Cycle mitts provide padding and protection to two of your main contact points with the bike, rather like shorts with a chamois do for another contact point. Like padded shorts they’re not vital for utility cycling but they vastly improve comfort if you’re riding fast, far or on rough ground. The less shock absorption you’ve got from tyres, bar tape, or even forks, the more you’ll need them.
Mitts also provide palm protection from cuts and grazes in the event of a fall. Their main purpose, however, is to prevent your hands from aching, tingling, or going numb. Human hands aren’t designed to be weight bearing, especially hands that are already more prone to aches and pains from hours of clicking mouse and keyboard. Next to shorts and, yes, ahead of helmets, they’re probably the most important bit of cycle wear you can buy.
The area that most needs padding is the heel of the hand opposite the thumb, under which run the ulnar and median nerves. Pressure on these can lead to numb or tingling hands. Padding at the base of the thumb and fingers can also improve comfort but is less important. Gel padding is excellent, because it tends not to compress and ‘bottom out’, but dense foam rubber or neoprene also work.
Mitts can become rank with sweat and snot after a few rides. While the towelling thumb is handy on th move, it can also be a breeding ground for bacteria (which you’ll then wipe around your face.) Wash mitts before they get too wiffy and don’t store mitts for too long.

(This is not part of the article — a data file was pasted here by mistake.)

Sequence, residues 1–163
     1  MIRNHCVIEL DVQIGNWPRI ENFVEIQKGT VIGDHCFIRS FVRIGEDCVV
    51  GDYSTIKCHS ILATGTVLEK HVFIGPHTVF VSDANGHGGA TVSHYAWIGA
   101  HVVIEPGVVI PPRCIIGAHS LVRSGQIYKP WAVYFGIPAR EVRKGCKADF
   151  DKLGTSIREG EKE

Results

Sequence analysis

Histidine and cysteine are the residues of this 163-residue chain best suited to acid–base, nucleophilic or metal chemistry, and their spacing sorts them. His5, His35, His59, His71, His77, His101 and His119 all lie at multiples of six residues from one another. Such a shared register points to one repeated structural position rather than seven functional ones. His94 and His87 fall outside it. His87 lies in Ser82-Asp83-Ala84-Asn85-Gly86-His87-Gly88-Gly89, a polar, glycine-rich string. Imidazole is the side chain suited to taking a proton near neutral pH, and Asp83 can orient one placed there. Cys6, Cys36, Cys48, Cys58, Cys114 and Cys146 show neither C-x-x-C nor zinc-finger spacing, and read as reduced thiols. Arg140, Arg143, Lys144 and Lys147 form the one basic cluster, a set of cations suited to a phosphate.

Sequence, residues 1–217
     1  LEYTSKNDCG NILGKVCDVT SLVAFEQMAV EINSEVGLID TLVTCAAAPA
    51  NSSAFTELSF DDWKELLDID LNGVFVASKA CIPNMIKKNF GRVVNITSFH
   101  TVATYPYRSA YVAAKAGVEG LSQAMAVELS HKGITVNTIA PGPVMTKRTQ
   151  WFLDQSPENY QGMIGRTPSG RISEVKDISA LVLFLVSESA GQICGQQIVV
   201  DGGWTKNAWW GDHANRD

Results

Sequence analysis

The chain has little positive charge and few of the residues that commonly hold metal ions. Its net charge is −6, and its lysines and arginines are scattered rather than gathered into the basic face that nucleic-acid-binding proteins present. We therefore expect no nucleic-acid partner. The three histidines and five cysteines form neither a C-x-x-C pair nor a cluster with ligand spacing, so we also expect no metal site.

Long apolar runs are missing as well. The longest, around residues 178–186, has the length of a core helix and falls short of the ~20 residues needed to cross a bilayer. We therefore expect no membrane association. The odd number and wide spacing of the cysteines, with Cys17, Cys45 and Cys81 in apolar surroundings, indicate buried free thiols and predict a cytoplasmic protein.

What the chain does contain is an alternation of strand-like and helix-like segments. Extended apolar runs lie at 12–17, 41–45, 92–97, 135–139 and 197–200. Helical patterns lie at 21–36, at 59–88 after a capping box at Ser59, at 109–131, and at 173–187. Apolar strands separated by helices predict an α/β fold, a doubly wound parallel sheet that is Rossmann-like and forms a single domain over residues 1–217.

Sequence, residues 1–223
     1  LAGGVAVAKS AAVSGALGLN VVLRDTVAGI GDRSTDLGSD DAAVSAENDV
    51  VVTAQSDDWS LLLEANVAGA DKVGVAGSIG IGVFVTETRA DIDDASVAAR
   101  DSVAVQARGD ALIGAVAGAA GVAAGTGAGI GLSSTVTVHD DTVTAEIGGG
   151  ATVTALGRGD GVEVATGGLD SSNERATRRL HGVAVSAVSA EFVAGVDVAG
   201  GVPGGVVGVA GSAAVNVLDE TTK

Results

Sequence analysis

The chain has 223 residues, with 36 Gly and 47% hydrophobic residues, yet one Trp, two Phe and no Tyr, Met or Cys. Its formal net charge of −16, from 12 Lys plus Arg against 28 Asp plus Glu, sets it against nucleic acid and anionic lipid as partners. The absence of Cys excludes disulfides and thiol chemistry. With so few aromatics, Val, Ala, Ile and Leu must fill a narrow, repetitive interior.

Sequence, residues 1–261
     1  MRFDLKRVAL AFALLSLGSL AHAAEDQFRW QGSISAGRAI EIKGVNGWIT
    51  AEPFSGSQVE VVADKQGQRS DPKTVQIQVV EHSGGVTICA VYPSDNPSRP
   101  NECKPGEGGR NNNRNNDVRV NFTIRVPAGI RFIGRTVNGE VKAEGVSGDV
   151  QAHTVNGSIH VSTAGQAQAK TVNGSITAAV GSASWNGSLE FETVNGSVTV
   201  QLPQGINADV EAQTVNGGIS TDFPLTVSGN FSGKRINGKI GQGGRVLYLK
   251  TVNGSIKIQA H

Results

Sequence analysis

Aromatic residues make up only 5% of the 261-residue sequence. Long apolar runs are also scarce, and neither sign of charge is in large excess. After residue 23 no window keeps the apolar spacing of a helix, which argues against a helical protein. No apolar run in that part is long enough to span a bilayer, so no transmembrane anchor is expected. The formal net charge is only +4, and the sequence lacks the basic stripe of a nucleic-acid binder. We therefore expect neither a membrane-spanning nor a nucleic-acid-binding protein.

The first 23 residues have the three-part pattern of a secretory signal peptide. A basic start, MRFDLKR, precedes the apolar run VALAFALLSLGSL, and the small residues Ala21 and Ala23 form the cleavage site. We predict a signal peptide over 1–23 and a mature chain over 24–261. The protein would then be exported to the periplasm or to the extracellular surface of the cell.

Finger loops or tabs help in removing close-fitting mitts, especially those lacking a Velcro strap. Reflective piping is useful for summer nights (in cold weather you’ll be in gloves). Protection for the back of the hand prevents scrapes when mountain biking but isn’t vital on the road.
Design and fit
Mitts use elastic and/or a Velcro strap to help them fit snugly and securely n of this small patch of (The lifespan of of this small patch of Velcro can be short). To prolong wear-life and improve comfort, many are reinforced at the thumb arch and across the base of the fingers. Stitching is often a weak point on cheaper synthetic mitts, which may not last a season.
Traditional cycle mitts had a tough, padded leather palm with a string back for ventilation. You can still get them, and even modern mitts usually have a leather or synthetic-leather palm. Uppers are now usually lightweight, stretchy polyester. Towelling or fleece on the thumb is useful for wiping sweat – or snot.